UN General Assembly Condemns Nuclear Weapon Possession and Demands Total Elimination
Ray Acheson / Reaching Critical Will
(October 5, 2020) — On 2 October, the UN General Assembly convened a high-level meeting to commemorate the International Day for the Total Elimination of Nuclear Weapons, an annual observance that takes place each year on 26 September. Due to COVID-19-related restrictions, most remarks were made virtually through pre-recorded video statements. Due to time constraints not all of the messages were aired.
The Pandemic of Nuclear Weapons
With the COVID-19 pandemic as a backdrop to this year’s event, several governments highlighted relevant lessons to be learned — including that transnational solidarity and investments in care, rather than in harm, are necessary pre-requisites for any hope for our survival. “COVID-19 should be a reminder that protecting humankind can’t happen through nuclear weapons but through global solidarity,” noted Indonesia.
Among others, Bangladesh, Austria, Côte d’Ivoire, Cuba, Ecuador, Iran, Ireland, Jamaica, Kyrgyzstan, Malaysia, Mexico, Mozambique, Nicaragua, and Panama highlighted the relationship between the global pandemic and the global conflagration that would accompany nuclear war and critiqued the ways in which nuclear-armed states are investing in mass destruction instead of working to prevent this human-made disaster-in-waiting. The Democratic Republic of the Congo (DRC) warned that just as it was difficult to prevent COVID-19 from entering our counties, the same will be the case with a nuclear explosion. “No one is safe if the world isn’t safe,” the DRC said, while Nepal noted that no vaccine will save us from a nuclear catastrophe.
The Vanity of the Bomb
Almost every country speaking at the event condemned the possession of nuclear weapons, seeing them, as Costa Rica eloquently described, as “contrary to the survival instinct of our species.” In a nuclear war, Equatorial Guinea noted, there are no winners — all of humanity will lose. The theory of nuclear deterrence is a fallacy, one that gives a false sense of security and superiority to the nuclear-armed armed.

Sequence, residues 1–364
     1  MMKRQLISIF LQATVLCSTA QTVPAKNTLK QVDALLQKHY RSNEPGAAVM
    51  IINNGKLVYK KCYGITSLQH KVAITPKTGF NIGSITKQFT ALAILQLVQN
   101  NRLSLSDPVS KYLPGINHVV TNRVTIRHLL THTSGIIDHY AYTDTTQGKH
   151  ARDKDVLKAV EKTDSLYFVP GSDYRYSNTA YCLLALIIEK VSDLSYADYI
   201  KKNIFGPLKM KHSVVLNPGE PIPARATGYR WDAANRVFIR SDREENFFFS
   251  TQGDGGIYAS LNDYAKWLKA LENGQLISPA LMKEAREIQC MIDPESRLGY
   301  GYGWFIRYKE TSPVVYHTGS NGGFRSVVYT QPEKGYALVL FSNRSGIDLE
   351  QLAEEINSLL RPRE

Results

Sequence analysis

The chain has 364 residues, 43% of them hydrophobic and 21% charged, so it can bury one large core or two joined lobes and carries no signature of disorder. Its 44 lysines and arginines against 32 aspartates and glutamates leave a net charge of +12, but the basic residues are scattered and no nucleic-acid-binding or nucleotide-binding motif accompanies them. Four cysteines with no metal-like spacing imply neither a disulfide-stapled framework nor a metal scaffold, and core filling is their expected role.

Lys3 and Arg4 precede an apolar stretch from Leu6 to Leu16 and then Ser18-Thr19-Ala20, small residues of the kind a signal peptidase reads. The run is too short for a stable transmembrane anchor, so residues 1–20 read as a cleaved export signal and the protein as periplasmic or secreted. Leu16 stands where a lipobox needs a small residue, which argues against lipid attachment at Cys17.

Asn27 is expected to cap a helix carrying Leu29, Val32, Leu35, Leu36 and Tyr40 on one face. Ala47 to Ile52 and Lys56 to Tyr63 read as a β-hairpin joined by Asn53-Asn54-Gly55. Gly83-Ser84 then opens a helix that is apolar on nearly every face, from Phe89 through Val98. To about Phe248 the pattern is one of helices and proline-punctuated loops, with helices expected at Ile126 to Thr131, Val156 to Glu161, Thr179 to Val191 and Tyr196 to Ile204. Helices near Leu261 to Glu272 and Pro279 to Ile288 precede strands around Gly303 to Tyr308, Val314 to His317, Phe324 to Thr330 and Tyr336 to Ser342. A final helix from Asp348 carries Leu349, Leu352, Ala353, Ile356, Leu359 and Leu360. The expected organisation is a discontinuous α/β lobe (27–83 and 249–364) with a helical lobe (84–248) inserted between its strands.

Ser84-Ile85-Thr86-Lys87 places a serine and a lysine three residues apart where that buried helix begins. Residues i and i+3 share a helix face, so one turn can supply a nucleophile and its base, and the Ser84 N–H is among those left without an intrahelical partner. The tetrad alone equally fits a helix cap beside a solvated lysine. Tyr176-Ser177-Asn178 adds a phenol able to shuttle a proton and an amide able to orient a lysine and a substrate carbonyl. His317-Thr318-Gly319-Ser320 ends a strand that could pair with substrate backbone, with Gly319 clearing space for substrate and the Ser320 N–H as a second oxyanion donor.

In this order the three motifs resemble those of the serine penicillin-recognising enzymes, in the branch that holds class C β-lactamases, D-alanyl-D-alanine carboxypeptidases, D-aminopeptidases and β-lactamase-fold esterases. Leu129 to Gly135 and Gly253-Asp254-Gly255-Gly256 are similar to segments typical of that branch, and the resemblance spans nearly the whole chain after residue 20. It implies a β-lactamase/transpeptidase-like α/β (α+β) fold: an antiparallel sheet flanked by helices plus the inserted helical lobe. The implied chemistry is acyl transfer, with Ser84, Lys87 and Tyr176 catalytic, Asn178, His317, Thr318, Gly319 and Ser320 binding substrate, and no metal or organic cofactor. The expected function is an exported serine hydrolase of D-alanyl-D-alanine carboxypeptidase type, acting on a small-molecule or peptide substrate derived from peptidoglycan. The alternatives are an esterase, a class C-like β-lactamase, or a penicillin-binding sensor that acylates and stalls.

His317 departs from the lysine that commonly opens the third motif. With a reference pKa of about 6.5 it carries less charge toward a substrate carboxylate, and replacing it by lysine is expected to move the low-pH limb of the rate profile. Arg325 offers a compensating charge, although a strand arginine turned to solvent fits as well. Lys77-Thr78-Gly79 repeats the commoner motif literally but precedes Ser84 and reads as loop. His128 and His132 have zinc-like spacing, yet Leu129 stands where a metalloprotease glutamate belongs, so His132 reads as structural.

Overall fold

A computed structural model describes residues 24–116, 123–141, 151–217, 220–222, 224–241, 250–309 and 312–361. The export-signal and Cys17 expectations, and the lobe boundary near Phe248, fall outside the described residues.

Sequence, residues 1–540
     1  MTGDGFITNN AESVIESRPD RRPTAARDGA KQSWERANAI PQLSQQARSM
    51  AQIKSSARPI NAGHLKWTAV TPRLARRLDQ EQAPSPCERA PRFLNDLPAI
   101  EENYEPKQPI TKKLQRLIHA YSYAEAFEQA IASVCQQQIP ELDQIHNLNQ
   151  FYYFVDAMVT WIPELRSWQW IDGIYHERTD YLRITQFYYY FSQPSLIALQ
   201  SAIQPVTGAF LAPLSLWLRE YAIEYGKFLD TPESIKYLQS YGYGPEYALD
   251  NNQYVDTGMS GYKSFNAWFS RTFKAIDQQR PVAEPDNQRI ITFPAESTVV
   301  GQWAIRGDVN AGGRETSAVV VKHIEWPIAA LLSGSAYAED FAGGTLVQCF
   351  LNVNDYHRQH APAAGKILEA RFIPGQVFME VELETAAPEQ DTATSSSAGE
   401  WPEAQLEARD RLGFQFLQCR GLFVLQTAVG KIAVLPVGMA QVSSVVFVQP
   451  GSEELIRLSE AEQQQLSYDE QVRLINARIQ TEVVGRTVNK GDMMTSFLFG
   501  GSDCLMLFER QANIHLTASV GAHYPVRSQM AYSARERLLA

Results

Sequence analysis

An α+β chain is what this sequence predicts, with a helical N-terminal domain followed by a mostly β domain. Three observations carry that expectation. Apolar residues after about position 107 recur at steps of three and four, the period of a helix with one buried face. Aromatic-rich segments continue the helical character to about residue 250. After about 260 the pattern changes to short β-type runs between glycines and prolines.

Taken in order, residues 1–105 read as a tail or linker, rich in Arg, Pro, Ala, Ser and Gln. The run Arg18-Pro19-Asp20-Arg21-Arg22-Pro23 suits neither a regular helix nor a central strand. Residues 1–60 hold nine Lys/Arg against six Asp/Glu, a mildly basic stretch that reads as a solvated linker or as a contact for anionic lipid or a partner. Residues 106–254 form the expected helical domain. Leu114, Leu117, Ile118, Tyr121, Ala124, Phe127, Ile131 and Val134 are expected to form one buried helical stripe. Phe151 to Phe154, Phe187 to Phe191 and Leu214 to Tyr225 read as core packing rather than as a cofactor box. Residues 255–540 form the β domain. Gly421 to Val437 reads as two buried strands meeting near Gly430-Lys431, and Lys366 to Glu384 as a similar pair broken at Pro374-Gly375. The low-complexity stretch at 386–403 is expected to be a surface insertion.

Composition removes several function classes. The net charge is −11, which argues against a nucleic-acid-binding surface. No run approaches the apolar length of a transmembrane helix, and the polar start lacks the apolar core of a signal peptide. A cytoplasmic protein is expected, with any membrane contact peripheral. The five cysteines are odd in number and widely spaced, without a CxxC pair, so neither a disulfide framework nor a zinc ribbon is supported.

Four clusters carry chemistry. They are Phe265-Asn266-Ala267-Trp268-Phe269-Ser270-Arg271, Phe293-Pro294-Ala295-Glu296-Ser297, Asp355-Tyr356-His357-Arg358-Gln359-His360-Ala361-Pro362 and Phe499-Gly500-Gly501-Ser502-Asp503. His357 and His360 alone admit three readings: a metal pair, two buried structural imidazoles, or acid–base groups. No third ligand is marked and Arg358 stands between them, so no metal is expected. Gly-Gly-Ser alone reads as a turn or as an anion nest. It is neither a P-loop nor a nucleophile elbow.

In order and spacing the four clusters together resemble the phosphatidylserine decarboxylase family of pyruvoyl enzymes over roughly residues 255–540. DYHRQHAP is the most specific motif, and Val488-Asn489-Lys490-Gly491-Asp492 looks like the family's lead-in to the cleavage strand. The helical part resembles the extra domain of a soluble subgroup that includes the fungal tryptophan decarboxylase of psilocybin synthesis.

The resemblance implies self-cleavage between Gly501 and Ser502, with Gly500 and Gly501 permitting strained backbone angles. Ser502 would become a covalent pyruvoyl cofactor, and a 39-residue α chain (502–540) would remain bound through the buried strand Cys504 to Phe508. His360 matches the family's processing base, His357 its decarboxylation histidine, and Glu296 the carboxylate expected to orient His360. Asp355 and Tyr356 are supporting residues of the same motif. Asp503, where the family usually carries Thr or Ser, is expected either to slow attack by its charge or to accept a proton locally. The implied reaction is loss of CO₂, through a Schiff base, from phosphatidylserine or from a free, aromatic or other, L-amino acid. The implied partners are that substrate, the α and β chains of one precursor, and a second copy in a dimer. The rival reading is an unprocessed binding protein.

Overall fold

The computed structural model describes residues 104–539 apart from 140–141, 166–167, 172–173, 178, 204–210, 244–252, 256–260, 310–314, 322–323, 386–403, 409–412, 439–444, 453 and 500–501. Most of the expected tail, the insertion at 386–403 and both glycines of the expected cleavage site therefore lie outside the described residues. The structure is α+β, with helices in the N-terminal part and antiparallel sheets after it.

“Let’s finally lay this myth to rest,” urged Austria, pointing out that nuclear deterrence does not increase security but instead perpetuates a constant threat to peace and security. Congo underscored the irrationality of developing nuclear arsenals “just to satisfy the irrepressible ego and vanity of the all-powerful,” while the Philippines described the current nuclear order as “madness personified,” pointing out that nuclear annihilation will be entirely our fault, like leaving a loaded revolver in a child’s room.
Speaker after speaker demanded the nuclear-armed states fulfill their nuclear disarmament obligations and commitments, calling for urgent action to prevent the catastrophe that can happen in an instant. The world is conflict weary, said Seychelles, exclaiming that we do not need another threat, yet nuclear weapons can destroy everything in a moment: “our presence erased, our right to existence — and that of future generations — denied. Nuclear weapons threaten everyone we love and value.”
Many Pacific Island representatives spoke about the impacts their populations have suffered from years of relentless nuclear bombing — some of which, as the Marshall Islands pointed out, were even sanctioned by the United Nations under UN trusteeship resolutions.
Even without being detonated, nuclear weapons are catastrophic. The resources invested in nuclear weapons take away from not just mitigating the impacts of the current pandemic, but also of the climate crisis, poverty, and conflicts that ravage our world.
Quoting from recent statistics calculated by the International Campaign to Abolish Nuclear Weapons, Costa Rica noted that every minute a total of $138,699 dollars is spent on the production and modernisation of nuclear weapons. “In a world of finite resources, these numbers are immoral and unacceptable.” Several others urged the nuclear-armed states to redirect this money toward social and environmental goods, and to redirect away from violent competition towards peaceful cooperation.
“The world doesn’t need nuclear weapons,” pointed out the Pacific Small Island Developing States (PSIDS). “It needs a strengthened multilateral system.” Many speakers expressed concern with rising tensions among the nuclear-armed and their active dismantling of nuclear arms control agreements. This path, several argued, is inconsistent with any credible claims to being responsible states. As Antigua and Barbuda noted, it is disingenuous to promote multilateralism and international peace and security while concurrently stockpiling tools of mass destruction.